01 February 2010

Where double flowers come from

Every wondered how plant breeders get from single flowers like this:


To big doubles full of petals like this?

(photo from jungle seeds)
Well, it starts with flowers like this:

Look closely (click on the image to expand it) in the center of each flower, and you can see little tiny specks of extra petals -- they're actually called "petaloids"
Here is what they look like carefully pulled out of each flower: (I highly recommend clicking on the photo to see them much larger)

At far right is a normal stamen -- the male part of the flower that produces pollen. The others are in various stages of conversion into petals. Keep going with this, and you get the full, frilly, double flowers you see in the second pictures. It only takes a very small change in the expression of a single gene to switch an anther to a petal -- so double versions of flowers pop up randomly all the time in nature due to random mutations, or in the genetic confusion of hybrids between species (which is what lead to the petaloids in these pictures). In the wild, of course, double flowers die out because they are usually virtually sterile -- and even when they aren't how is a bee supposed to get in there and pollinate them? But in the garden, we treasure them and keep them alive -- so much so that many people don't even realize that the classic rose:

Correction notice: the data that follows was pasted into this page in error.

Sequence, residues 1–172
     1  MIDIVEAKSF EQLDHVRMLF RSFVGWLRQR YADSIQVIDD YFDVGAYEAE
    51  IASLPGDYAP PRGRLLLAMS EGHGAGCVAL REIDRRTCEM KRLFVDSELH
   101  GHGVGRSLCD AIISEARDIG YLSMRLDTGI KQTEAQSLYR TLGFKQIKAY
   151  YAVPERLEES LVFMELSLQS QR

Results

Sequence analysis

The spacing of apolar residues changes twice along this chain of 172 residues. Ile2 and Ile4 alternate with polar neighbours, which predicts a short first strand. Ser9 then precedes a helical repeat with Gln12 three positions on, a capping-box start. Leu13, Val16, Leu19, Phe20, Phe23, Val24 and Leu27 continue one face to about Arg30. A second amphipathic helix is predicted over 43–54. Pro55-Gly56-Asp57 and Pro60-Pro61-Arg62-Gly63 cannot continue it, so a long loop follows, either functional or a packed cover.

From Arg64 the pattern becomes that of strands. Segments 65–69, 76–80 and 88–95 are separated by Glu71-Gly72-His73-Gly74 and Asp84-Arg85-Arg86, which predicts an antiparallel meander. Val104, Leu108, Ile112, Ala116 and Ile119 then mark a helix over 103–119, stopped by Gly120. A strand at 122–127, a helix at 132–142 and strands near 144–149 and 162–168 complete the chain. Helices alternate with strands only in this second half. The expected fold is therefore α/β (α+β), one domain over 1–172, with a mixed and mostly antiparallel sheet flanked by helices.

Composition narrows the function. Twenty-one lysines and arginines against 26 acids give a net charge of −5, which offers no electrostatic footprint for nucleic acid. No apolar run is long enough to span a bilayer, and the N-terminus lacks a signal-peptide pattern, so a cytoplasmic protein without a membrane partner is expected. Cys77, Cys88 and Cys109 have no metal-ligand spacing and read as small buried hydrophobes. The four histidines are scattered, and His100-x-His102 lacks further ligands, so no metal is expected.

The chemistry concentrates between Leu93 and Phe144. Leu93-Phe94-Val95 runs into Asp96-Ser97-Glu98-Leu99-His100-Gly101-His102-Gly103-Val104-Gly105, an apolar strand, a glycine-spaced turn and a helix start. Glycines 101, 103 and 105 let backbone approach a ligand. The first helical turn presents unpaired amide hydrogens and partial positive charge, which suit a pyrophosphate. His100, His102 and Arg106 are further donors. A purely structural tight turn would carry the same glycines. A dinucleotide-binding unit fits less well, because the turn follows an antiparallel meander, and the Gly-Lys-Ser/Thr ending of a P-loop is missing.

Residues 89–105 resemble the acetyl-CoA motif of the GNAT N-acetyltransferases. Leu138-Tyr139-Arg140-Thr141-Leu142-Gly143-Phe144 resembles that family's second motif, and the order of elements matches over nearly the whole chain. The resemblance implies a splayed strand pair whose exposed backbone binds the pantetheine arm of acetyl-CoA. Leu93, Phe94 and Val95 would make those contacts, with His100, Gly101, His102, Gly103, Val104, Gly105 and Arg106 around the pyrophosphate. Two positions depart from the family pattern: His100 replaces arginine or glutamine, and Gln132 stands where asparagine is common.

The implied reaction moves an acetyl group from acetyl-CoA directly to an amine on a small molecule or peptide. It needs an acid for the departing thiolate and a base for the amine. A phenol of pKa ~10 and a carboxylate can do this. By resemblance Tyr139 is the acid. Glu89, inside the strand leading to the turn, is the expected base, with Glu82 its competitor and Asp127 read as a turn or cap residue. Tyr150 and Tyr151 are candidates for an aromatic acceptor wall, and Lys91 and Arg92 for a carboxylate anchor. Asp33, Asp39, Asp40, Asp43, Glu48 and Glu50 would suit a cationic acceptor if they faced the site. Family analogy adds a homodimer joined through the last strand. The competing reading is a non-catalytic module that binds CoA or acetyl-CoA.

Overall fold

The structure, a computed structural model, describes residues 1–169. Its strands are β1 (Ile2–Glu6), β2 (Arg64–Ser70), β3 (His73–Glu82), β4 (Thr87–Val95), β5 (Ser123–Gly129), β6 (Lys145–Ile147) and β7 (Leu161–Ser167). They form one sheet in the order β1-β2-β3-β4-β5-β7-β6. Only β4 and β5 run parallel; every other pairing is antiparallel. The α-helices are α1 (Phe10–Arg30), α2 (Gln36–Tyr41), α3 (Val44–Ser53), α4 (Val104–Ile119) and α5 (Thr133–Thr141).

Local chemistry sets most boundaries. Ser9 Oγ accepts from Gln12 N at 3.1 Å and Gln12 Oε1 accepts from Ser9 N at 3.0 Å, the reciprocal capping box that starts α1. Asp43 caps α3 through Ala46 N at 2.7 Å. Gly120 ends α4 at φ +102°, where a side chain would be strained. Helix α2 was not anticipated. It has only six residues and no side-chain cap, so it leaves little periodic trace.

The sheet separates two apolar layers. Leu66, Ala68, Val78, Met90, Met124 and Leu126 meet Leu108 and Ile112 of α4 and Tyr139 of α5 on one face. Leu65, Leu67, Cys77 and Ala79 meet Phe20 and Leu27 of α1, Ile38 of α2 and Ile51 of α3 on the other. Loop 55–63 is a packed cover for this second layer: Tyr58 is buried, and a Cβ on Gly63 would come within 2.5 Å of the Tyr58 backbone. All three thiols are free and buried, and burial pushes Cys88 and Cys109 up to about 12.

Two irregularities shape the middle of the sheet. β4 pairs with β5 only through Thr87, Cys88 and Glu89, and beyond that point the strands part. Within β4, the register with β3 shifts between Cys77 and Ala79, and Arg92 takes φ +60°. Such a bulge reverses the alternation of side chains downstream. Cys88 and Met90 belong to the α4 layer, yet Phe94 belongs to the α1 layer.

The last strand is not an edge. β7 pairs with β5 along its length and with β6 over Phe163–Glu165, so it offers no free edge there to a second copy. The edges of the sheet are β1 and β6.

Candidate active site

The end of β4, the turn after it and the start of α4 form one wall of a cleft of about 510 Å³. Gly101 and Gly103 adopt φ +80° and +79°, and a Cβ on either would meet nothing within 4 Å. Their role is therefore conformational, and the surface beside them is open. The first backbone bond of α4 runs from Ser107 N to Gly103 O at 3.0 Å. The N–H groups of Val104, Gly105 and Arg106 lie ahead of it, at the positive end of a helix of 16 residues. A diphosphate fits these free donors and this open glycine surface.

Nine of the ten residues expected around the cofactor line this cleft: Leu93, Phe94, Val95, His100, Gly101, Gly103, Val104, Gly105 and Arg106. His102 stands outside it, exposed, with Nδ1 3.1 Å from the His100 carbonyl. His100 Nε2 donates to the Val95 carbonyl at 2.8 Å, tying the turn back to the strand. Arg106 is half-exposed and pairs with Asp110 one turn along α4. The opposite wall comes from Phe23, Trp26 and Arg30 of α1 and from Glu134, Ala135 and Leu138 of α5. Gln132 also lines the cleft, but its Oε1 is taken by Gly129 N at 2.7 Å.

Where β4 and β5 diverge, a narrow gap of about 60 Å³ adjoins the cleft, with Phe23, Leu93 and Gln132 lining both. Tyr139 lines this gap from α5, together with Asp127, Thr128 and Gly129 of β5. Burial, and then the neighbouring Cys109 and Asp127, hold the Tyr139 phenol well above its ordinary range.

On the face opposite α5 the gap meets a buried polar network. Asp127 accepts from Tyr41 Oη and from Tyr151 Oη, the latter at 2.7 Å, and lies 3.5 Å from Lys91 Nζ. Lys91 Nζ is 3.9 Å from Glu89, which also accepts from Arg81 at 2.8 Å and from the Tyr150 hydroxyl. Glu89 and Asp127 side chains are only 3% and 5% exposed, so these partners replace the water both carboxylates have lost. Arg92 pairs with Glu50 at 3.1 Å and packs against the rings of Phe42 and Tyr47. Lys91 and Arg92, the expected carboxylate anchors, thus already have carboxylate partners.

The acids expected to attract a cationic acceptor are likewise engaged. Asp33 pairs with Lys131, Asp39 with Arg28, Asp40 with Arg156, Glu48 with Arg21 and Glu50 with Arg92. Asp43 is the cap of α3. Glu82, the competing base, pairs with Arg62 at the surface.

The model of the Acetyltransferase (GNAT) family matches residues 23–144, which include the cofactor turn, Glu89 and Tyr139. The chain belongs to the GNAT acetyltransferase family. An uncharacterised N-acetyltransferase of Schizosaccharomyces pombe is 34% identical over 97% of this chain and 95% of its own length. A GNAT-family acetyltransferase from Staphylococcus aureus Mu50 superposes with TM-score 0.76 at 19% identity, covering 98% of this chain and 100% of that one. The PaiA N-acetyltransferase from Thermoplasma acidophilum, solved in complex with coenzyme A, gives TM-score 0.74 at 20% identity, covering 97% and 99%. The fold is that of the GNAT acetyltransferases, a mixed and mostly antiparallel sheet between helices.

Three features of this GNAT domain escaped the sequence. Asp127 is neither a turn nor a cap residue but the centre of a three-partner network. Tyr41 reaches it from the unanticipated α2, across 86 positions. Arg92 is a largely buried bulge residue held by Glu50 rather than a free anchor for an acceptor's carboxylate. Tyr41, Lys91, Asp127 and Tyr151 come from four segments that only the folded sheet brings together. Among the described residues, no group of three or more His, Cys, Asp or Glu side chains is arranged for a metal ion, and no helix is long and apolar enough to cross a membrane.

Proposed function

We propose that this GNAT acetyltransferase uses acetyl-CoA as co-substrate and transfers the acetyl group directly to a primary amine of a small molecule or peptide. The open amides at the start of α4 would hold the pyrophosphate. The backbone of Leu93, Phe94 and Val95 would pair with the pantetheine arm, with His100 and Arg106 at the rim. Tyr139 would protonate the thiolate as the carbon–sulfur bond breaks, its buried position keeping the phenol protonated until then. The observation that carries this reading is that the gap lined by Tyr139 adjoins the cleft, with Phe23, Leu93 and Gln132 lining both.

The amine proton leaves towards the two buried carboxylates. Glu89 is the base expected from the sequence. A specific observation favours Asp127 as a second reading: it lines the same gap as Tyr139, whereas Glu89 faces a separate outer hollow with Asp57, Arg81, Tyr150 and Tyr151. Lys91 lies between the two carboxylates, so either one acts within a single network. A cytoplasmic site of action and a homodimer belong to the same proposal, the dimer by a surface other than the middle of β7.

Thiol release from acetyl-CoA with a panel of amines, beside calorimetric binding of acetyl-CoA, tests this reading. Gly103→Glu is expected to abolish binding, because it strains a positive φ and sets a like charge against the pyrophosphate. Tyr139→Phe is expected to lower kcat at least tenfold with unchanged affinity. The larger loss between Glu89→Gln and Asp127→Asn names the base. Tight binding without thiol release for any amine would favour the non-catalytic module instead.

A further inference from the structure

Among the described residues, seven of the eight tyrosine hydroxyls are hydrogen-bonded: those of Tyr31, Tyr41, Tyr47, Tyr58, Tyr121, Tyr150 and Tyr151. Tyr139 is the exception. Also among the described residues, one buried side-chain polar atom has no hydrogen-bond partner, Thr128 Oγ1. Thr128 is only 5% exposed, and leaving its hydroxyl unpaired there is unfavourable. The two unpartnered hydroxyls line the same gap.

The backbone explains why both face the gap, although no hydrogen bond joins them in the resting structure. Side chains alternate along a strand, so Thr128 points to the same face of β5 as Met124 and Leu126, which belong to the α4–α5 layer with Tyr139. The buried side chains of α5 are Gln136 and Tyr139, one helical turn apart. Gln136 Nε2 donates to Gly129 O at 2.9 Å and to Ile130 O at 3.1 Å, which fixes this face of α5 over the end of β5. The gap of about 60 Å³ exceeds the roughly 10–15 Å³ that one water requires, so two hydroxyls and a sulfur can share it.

Is a double version of a very simple flower with only five petals like this:
 

3 comments:

MAT kinase said...

Do you know if different alleles produce different levels of petal duplication? Don't most roses have a somewhat intermediate phenotype and still have stamens?

Greensparrow said...

Mat, yes, there are a huge range of different doubling phenotypes, including most modern roses which do have some fertile stamens. Almost certainly all doubling is caused by some changes to the ABC genes, though the actual genetics haven't been worked out for almost anything except arabidopsis. Most likely, roses and these petunias are caused be a change in expression pattern, not a loss of function.

Dirty Girl Gardening said...

Great post... I have some double petaled daffodils growing wild on my farm. They put the single petaled daff's to shame.